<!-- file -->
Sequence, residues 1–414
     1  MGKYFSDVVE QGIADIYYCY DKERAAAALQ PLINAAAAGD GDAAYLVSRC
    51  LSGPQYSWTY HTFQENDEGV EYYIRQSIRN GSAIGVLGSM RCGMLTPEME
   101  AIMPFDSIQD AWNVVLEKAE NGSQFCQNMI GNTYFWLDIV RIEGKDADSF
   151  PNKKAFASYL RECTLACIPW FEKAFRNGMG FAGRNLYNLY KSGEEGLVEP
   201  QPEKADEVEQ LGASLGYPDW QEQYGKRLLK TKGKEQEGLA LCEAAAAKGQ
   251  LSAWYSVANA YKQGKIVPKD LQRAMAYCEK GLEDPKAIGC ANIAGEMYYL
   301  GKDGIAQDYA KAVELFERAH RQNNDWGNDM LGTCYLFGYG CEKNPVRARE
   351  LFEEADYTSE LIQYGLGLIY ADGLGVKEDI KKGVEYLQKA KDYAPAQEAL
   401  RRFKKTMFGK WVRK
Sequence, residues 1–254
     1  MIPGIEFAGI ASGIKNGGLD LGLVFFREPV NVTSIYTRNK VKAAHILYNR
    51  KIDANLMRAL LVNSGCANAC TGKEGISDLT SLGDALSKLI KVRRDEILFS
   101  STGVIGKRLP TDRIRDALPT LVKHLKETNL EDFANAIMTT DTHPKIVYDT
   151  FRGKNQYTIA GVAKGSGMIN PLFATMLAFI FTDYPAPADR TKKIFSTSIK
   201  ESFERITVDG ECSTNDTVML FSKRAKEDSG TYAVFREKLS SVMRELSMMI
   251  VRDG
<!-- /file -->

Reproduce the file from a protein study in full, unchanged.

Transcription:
Sequence, residues 1–414
     1  MGKYFSDVVE QGIADIYYCY DKERAAAALQ PLINAAAAGD GDAAYLVSRC
    51  LSGPQYSWTY HTFQENDEGV EYYIRQSIRN GSAIGVLGSM RCGMLTPEME
   101  AIMPFDSIQD AWNVVLEKAE NGSQFCQNMI GNTYFWLDIV RIEGKDADSF
   151  PNKKAFASYL RECTLACIPW FEKAFRNGMG FAGRNLYNLY KSGEEGLVEP
   201  QPEKADEVEQ LGASLGYPDW QEQYGKRLLK TKGKEQEGLA LCEAAAAKGQ
   251  LSAWYSVANA YKQGKIVPKD LQRAMAYCEK GLEDPKAIGC ANIAGEMYYL
   301  GKDGIAQDYA KAVELFERAH RQNNDWGNDM LGTCYLFGYG CEKNPVRARE
   351  LFEEADYTSE LIQYGLGLIY ADGLGVKEDI KKGVEYLQKA KDYAPAQEAL
   401  RRFKKTMFGK WVRK
Sequence, residues 1–254
     1  MIPGIEFAGI ASGIKNGGLD LGLVFFREPV NVTSIYTRNK VKAAHILYNR
    51  KIDANLMRAL LVNSGCANAC TGKEGISDLT SLGDALSKLI KVRRDEILFS
   101  STGVIGKRLP TDRIRDALPT LVKHLKETNL EDFANAIMTT DTHPKIVYDT
   151  FRGKNQYTIA GVAKGSGMIN PLFATMLAFI FTDYPAPADR TKKIFSTSIK
   201  ESFERITVDG ECSTNDTVML FSKRAKEDSG TYAVFREKLS SVMRELSMMI
   251  VRDG